Dairy farmers are being encouraged to champion the sector rather than becoming embroiled in tit-for-tat arguments with anti-livestock campaigners.
Milk producers have a good story to tell, and should not be afraid of telling it, said industry experts at this week’s Dairy-Tech event.
But it is important for farmers to realise there are some debates they were never going to win, delegates were told.
An estimated 6,500 visitors attended the one-day show, held on Wednesday (6 February) at Stoneleigh Park, Warwickshire.
Alongside a focus on innovation and technology, discussions included a session on defending the sector – and keeping milk relevant to consumers.
A recent surge in attacks by vegan activists on the dairy sector has seen farmers increasingly under fire.
It has included a month-long Veganuary initiative urging consumers to boycott milk and other animal products, and adopt a plant-based diet instead.
To counter the campaign, dairy farmers have launched their own Februdairy initiative, using social media platforms such as Twitter, Facebook and Instagram to promote the sector.
Dairy-Tech visitors were told that such campaigns could be very successful, so long as farmers got their messaging right, and promoted dairy products based on their taste and enjoyment, not just provenance and healthy nature.
‘Feeling of unease’
AHDB head of crops and dairy marketing Rebecca Miah said: “Farmers should not be going head-to-head with vegans – you are not going to change their minds and any consumers looking in from the outside will just see an argument and come away with a feeling of unease.”
Vegan activists are a tiny minority, said Ms Miah. Instead, dairy producers should concentrate on the vast majority of consumers, who trust farmers.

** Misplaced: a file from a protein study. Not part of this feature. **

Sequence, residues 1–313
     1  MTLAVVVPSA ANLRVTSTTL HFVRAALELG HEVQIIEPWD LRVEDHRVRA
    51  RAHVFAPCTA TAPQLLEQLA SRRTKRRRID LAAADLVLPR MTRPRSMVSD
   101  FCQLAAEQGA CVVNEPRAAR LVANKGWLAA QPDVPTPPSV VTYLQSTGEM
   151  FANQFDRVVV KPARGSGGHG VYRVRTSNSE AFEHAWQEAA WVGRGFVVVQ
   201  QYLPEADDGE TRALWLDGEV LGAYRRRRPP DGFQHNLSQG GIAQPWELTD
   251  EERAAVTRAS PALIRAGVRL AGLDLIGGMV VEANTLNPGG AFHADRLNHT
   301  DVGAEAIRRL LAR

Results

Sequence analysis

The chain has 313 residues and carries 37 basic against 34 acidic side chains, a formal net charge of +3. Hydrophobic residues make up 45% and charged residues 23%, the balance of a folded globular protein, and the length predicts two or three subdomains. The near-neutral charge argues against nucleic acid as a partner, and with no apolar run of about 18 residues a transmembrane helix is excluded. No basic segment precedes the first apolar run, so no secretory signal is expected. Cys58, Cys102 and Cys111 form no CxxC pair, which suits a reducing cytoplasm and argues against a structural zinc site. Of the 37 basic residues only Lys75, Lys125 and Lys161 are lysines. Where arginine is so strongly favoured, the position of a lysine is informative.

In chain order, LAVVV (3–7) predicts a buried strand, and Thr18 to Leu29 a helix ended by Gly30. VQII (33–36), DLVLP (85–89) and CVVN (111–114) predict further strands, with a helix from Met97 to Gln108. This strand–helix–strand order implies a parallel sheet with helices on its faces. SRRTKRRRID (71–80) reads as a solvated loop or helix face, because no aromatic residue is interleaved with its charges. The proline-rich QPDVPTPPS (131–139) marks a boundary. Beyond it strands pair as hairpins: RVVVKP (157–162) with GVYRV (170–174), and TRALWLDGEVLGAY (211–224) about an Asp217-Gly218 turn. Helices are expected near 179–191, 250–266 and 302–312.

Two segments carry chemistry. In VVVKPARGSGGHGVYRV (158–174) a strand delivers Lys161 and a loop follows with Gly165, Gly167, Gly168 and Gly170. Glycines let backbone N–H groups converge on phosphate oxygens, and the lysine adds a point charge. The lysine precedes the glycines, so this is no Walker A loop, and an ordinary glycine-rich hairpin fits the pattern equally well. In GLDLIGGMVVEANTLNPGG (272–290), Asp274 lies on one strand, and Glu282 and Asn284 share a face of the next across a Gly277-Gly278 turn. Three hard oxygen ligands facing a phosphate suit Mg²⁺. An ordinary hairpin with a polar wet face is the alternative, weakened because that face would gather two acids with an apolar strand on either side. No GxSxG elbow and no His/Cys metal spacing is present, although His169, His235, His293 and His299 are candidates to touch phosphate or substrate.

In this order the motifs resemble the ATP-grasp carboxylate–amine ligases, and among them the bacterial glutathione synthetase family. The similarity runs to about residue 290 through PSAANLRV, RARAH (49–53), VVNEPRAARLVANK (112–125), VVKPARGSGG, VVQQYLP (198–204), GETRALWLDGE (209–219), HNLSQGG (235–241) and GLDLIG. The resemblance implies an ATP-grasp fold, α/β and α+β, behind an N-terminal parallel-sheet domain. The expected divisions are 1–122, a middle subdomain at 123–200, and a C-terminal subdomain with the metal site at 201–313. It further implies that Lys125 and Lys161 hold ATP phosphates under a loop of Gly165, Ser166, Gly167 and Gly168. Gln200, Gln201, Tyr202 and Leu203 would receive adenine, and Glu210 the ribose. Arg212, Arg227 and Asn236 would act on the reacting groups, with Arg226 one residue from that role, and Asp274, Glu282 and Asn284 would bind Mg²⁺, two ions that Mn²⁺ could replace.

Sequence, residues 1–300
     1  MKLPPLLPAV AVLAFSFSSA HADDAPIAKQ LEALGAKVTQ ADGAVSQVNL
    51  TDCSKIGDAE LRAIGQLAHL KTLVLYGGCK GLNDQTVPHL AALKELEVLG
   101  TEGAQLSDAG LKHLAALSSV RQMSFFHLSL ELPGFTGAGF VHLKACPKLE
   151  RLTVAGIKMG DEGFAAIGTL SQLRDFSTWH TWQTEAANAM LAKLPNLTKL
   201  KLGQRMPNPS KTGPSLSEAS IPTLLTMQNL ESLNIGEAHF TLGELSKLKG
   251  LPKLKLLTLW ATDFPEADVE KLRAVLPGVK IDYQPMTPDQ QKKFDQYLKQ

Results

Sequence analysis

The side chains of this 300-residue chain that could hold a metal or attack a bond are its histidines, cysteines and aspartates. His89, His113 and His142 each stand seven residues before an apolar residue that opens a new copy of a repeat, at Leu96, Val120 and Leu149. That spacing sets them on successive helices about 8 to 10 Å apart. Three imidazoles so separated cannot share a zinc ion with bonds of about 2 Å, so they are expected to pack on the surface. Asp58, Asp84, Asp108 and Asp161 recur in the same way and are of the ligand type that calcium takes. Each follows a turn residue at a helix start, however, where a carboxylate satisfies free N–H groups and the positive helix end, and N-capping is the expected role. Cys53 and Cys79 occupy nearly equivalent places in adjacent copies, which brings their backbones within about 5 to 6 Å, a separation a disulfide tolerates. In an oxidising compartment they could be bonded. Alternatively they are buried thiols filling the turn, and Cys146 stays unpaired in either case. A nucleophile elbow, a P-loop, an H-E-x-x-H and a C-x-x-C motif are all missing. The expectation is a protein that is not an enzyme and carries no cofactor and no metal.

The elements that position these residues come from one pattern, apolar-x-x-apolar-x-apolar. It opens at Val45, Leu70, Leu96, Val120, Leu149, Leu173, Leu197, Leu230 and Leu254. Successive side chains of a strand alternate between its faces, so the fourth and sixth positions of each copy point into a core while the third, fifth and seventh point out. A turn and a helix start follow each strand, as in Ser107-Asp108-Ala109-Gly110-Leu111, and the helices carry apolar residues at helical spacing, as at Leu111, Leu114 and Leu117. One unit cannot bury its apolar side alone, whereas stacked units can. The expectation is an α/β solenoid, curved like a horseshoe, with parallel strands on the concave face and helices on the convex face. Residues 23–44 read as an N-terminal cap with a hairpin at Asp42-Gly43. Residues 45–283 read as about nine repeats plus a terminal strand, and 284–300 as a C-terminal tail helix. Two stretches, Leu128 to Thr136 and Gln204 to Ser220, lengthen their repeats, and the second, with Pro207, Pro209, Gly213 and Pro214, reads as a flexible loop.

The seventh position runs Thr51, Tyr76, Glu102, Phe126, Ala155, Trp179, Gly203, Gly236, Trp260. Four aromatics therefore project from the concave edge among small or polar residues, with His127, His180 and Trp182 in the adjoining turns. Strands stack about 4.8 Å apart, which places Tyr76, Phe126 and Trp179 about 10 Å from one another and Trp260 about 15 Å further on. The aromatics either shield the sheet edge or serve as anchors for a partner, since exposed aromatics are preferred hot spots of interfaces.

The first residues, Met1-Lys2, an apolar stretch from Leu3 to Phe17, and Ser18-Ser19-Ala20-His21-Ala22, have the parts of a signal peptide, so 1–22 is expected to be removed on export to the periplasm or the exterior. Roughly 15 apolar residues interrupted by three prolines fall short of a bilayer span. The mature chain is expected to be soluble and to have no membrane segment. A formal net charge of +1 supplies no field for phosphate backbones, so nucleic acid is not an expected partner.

People will listen if farmers tell their story, do it in a memorable way – and are open and transparent about what they do.
An AHDB dairy promotion that introduced people to the fictitious Department of Dairy Related Scrumptious Affairs has seen an 8% fall in the number of shoppers looking to reduce their dairy consumption – and an 11% drop in shoppers looking for dairy alternatives.
Chris Flint, partner at Kite Consultants, which provides business advice to 1,400 dairy farmers, said the vegan threat to the sector should be taken seriously.
The industry should adopt a “protect and promote” policy to highlight the benefits of milk, he said.
“There is a great story within dairy that we don’t talk about enough – we have a lot to be proud of.
“We need to get our house in order because the industry doesn’t want people who disrespect animals and who don’t do the job properly.”
Yorkshire farmer and NFU dairy vice-chairman Paul Tompkins said it was important to remember that 95% of people ate red meat and 98% of people consumed dairy products.
Farmers are the brand leader and needed to behave like it, he said.
“You don’t see Coca-Cola going around and rubbishing their competitors.
“Although we need to be aware of what the alternative markets are doing, we need to get on and do what we do best, which is producing top-quality, nutritiously dense food to fit every price point.”
Dairy market analyst Chris Walkland said poor practice within the sector needed to be weeded out so that farmers could not be unfairly accused of mistreating animals.
The industry has nothing to hide and should be more open, he said.